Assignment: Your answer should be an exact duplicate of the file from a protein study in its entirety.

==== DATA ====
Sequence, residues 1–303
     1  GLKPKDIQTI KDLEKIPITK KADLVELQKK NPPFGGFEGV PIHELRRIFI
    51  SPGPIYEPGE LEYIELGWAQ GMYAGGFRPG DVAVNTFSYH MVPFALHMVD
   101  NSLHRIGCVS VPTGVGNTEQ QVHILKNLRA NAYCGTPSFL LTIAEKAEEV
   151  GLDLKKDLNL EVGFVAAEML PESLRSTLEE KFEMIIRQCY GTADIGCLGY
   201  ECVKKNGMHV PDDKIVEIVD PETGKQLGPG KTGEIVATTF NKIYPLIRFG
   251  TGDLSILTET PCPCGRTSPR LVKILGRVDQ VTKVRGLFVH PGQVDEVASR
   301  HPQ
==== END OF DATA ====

Sequence, residues 1–303
     1  GLKPKDIQTI KDLEKIPITK KADLVELQKK NPPFGGFEGV PIHELRRIFI
    51  SPGPIYEPGE LEYIELGWAQ GMYAGGFRPG DVAVNTFSYH MVPFALHMVD
   101  NSLHRIGCVS VPTGVGNTEQ QVHILKNLRA NAYCGTPSFL LTIAEKAEEV
   151  GLDLKKDLNL EVGFVAAEML PESLRSTLEE KFEMIIRQCY GTADIGCLGY
   201  ECVKKNGMHV PDDKIVEIVD PETGKQLGPG KTGEIVATTF NKIYPLIRFG
   251  TGDLSILTET PCPCGRTSPR LVKILGRVDQ VTKVRGLFVH PGQVDEVASR
   301  HPQ